USA v. Goodson
IN THE UNITED STATES COURT OF APPEALS United States Court of Appeals FOR THE FIFTH CIRCUIT Fifth Circuit FILED
December 22, 2009 No. 08-20760 Charles R. Fulbruge III Clerk
UNITED STATES OF AMERICA Plaintiff-Appellee v. MICHAEL D GOODSON, also known as Mike Goodson Defendant-Appellant
Appeal from the United States District Court for the Southern District of Texas USDC No. H-06-98
Before JOLLY, WIENER, and BARKSDALE, Circuit Judges. PER CURIAM:* Convicted, inter alia, of mail and wire fraud, Michael D. Goodson appeals his conviction and sentence. Primarily, his contentions revolve around his proceeding pro se. AFFIRMED. I. Prior to trial in July 2007, Goodson retained Abraham Fisch as his attorney. Fisch, however, was unable to represent Goodson because the United States District Court for the Southern District of Texas denied his application
Pursuant to 5TH CIR . R. 47.5, the court has determined that this opinion should not be published and is not precedent except under the limited circumstances set forth in 5TH CIR . R. 47.5.4.
No. 08-20760 for renewal of admission to practice before that court. Therefore, the district court appointed Robert Fickman to replace Fisch as Goodson's counsel. Subsequently, Goodson advised the district court by letter that he desired Fisch to represent him, would not accept any attorney other than Fisch, and requested the court to inform Fickman not to contact him again. At a pretrial conference in April 2007, Goodson reiterated his position: he wanted Fisch as counsel or no one. Goodson's counsel. Prior to trial, the district court held a Faretta hearing and again questioned Goodson about his decision to proceed pro se. See generally Faretta v. California, 422 U.S. 806 (1975) (holding defendant in state criminal trial has constitutional right to proceed without counsel when he voluntarily and intelligently elects to do so). During the Faretta hearing, the court repeatedly admonished Goodson concerning the dangers of proceeding at trial without counsel. The court also questioned him about his educational background and experience, establishing that he possessed sufficient knowledge and Consequently, the district court dismissed Fickman as
understanding to represent himself. As discussed infra, Goodson informed the court that he did not intend to present a defense. The district court appointed James Alston as standby counsel and informed Goodson that Alston would not try the case but, instead, would act as a "walking lawbook" for Goodson at trial. Goodson proceeded pro se at trial and, consistent with what he had advised the court at his Faretta hearing, did not question witnesses or otherwise present evidence. He was convicted on 25 July 2007 on nine counts of conspiracy and mail and wire fraud. At sentencing on 22 October 2008, Goodson, still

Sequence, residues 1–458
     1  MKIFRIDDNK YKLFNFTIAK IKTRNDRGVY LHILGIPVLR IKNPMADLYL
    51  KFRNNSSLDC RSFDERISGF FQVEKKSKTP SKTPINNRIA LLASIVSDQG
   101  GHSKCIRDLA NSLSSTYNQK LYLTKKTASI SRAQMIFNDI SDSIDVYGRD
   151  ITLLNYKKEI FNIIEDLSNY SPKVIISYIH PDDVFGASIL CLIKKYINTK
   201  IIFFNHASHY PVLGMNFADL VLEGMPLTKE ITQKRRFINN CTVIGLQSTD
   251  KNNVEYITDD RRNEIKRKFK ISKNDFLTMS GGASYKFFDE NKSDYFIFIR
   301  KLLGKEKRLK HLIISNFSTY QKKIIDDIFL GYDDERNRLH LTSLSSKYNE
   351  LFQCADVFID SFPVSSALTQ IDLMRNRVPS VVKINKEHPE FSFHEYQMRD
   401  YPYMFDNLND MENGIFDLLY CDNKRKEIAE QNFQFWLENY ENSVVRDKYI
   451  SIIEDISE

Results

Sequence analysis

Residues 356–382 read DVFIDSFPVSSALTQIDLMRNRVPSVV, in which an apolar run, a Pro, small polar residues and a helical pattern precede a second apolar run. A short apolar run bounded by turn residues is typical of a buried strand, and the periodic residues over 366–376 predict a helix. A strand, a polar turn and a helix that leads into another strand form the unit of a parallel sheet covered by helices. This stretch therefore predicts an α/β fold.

proceeding pro se, was sentenced, inter alia, to 293 months' imprisonment.
No. 08-20760 II. Goodson contends: the district court erred at trial by excusing Government witnesses without first asking him whether he desired to question them; he did not knowingly and intelligently waive his Sixth Amendment right to counsel at sentencing; and, the district court erred in applying the two-level enhancement under Guideline § 2B1.1(b)(13)(A). Goodson failed, however, to present these contentions in district court. Therefore, each is reviewed only for plain error, as further discussed infra. See United States v. Mondragon-Santiago, 564 F.3d 357, 361 (5th Cir.), cert. denied, 130 S. Ct. 192 (2009). To establish reversible plain error, Goodson must show a clear or obvious error that affected his substantial rights. E.g., United States v. Baker, 538 F.3d 324, 332 (5th Cir. 2008), cert. denied, 129 S. Ct. 962 (2009). If reversible plain error is established, we still have discretion to correct it and, generally, will do so only if it seriously affects the fairness, integrity, or public reputation of judicial proceedings. Id. A. Goodson's assertion that the district court erred through its excusingwithout-asking procedure is premised on Goodson's Sixth Amendment right to self-representation, which includes a defendant's right to control his case. See McKaskle v. Wiggins, 465 U.S. 168, 178 (1984). Goodson maintains that,